How sad is this?
Good movie but grossly overrated
It was OK. I don't see why everyone loves it so much. It wasn't very smart or deep or well-directed.
what a terribly boring film. I'm sorry but this is absolutely not deserving of best picture and will be forgotten quickly. Entertaining and engaging cinema? No. Nothing performances with flat faces and mistaking silence for subtlety.
I have read reviews for this movie, giving it a lot of hate. I really loved this movie and thought that it was quite heart felt and beautiful. While i agree with a lot of other reviewers that this movie was a missed opportunity and there was a lot of potential that should have been utilized, people aren't thinking about the budget of this movie. If this was a multi-million dollar budget movie then I feel that some of that extra potential could have been reached but since there was so little of a budget, I feel that this movie is excellent.I watch a lot of Gay dramas and have to say that this one is uniquely different which is what gave it a lot of appeal to me and I'm looking forward to reading the book.
The direction was exquisite in portraying the allure of the initial phases of attraction. With the skillful editing and the above-average to beautiful cinematography, the movie had a well-paced, rich, atmospheric delivery. The director, James Bolton, handled the actors deftly. Bolton carefully spent enough time on the characters to let us know the possible layers of meaning of the way they gaze at each other. The two leads were quite effective. Stephen Bender especially provided an intriguing aura to the character. Diana Scarwid and Thomas Jay Ryan were remarkable in their few scenes. Even Randy Wayne, Owen Beckman, and Rooney Mara delivered.The soundtrack was good but had mixed applications. At the music's best, it delivered subtle meaningful tonal contrasts. At its worst, it was obtrusive and distracting.I haven't read the book, so I'm judging the screenplay on its own. A gay growing-up story has been told over and over again ad nauseam. This movie had all the clichés. What was interesting was the surreal shift with the potential for multilayered interpretations. Not everyone will like this. Personally, this makes me want to read the book. I was satisfied enough with the delivery of this aspect, but I agree it could have been better. The ending was a unique and thought-provoking way of escaping gay media triteness.
Shy teenager Nathan (Stephen Bender) moves into the deep South with his parents. Right next door to him is teenager Roy (Max Roeg) who is out-going and friendly. They form a friendship which quickly turns into a physical relationship. Naturally they can't tell anybody. Half way through things about Nathan become clearer--and more disturbing--and the movie gets dark.I read the book years ago and loved it but I hated the ending cause it's so ambiguous. I bought this movie cautiously because I didn't think it could be as good as the book and I was curious HOW they would end it. Well the movie IS as good as the book. It's low-key but the book was too. Bender and Roeg perfectly play two teenage boys in love--you can see the confusion and passion in their faces. The sex scenes are very tastefully done (nothing remotely graphic) and these two are so obviously not teens it's not disturbing to watch. I also like how their kissing and having sex is treated so casually--as it should. It (sort of) retains the ambiguous ending of the book. Like I said I hated that ending but I'm glad the movie didn't change it. All the acting is good--Roeg especially. He has the wonderful actress Theresa Russell as his mom and obviously inherited her acting abilities. There's some beautiful cinematography and a good music score too. Low-key and somewhat disturbing but effective. I give it a 7.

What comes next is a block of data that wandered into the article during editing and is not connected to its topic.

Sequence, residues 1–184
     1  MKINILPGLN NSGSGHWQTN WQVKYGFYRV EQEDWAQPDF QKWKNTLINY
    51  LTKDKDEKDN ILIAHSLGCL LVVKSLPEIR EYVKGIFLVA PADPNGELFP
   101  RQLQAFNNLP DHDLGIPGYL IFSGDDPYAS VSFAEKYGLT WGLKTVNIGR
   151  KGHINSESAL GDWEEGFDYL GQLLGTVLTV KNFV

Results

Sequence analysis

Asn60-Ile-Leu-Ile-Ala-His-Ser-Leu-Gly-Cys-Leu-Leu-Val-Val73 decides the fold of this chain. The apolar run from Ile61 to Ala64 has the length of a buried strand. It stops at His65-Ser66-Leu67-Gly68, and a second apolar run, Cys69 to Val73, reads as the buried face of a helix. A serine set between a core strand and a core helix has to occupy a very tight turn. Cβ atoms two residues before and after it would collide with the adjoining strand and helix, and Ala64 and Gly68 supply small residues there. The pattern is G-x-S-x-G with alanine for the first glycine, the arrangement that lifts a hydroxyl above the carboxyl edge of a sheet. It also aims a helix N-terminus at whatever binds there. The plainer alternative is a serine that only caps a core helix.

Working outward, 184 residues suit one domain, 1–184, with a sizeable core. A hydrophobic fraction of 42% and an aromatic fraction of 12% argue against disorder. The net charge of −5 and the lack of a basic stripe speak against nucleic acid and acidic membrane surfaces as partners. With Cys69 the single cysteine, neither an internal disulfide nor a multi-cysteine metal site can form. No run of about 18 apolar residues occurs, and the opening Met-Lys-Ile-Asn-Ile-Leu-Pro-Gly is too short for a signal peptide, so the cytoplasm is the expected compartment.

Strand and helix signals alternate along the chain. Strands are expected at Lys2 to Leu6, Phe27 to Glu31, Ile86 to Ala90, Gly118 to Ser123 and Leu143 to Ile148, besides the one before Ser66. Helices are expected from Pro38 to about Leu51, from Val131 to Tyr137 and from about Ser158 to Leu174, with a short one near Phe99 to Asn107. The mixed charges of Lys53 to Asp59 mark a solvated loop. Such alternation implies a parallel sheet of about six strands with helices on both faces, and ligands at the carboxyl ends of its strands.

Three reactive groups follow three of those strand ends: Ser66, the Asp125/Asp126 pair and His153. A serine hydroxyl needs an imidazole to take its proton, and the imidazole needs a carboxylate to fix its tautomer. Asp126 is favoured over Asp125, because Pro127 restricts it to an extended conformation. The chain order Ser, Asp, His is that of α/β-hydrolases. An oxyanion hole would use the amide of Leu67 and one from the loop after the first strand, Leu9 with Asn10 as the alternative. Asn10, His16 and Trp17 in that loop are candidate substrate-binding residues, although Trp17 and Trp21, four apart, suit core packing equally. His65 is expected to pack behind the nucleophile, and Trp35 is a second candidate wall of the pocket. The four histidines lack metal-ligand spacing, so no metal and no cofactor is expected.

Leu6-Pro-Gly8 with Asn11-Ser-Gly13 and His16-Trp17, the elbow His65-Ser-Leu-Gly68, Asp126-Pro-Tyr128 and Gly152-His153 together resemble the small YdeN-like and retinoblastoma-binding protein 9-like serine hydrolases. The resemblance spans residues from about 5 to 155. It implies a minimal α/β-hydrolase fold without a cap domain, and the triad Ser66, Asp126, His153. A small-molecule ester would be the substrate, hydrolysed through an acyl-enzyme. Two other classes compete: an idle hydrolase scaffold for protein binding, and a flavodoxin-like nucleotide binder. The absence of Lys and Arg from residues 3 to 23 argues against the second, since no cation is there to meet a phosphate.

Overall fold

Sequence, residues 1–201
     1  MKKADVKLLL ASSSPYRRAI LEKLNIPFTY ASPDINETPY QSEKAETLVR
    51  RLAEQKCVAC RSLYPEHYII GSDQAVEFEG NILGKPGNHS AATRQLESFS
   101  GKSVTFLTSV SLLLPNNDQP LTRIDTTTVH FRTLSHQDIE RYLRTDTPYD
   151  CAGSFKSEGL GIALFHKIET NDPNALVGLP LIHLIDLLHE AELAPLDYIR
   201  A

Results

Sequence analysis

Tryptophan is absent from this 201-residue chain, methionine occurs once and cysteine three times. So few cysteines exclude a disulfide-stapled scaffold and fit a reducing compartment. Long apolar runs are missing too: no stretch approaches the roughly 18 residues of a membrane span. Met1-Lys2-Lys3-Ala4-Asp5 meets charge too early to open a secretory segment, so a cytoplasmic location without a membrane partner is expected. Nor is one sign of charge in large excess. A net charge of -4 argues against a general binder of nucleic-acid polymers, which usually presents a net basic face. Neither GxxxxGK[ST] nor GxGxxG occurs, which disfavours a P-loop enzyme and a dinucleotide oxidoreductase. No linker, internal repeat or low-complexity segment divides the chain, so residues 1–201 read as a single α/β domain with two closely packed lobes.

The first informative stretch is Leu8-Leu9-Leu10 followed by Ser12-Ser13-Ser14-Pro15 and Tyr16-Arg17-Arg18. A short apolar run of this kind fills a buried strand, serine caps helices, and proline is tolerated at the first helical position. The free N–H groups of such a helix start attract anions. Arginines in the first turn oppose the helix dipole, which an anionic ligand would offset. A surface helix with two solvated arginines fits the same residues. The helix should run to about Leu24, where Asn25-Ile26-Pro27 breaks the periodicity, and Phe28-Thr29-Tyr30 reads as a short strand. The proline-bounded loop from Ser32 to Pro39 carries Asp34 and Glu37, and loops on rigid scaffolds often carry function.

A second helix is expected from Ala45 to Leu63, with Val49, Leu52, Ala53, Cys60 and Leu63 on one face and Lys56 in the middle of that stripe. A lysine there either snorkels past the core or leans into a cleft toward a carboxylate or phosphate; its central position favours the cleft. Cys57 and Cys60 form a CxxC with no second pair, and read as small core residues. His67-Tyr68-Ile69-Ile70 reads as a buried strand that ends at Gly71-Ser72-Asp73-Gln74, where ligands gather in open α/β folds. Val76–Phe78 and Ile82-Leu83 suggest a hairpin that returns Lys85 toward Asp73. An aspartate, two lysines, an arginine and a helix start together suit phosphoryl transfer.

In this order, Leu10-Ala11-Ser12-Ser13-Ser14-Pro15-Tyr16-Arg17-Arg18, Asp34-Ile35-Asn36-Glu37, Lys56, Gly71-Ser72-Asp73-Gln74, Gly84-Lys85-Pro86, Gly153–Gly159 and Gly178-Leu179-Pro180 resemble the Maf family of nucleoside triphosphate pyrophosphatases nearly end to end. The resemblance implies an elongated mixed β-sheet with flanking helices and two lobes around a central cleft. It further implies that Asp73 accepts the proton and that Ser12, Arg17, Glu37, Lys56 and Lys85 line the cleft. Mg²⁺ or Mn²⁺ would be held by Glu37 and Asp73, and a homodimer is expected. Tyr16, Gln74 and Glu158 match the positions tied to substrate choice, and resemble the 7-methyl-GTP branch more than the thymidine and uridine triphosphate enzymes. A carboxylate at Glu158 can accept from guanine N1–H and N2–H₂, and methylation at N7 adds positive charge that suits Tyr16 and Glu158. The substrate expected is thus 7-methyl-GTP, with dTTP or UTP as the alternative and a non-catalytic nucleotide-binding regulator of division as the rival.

I read the book, and felt it was slow and boring except for certain parts. So when I heard that there was a movie, I was happy. As I was watching the movie I was getting a better feeling than reading the book, I feel there should have been more on the interactions with the father, and the music was kind of annoying, But as a whole it was turning out to be a decent film...Until the "director" tried to be all artsy and suspenseful and ruined the climax ending. The kid was getting rapped, and you have this yuppie music come on like it was just another scene. There's a conversation before or after the attack but of course the horrible "director" though it would be a good idea to turn the music on to were you can only understand mumbles. The acting was OK. The only person that really looked out of place was the kid playing Roy. That's only because he was shorter than the other cast of boys. I think Randy Wayne (who plays Burke in the movie) would have been a better choice for the character Roy. This movie would have been so much better had the "director" focused more on the darker side of things, and knew just a little about using music in scenes.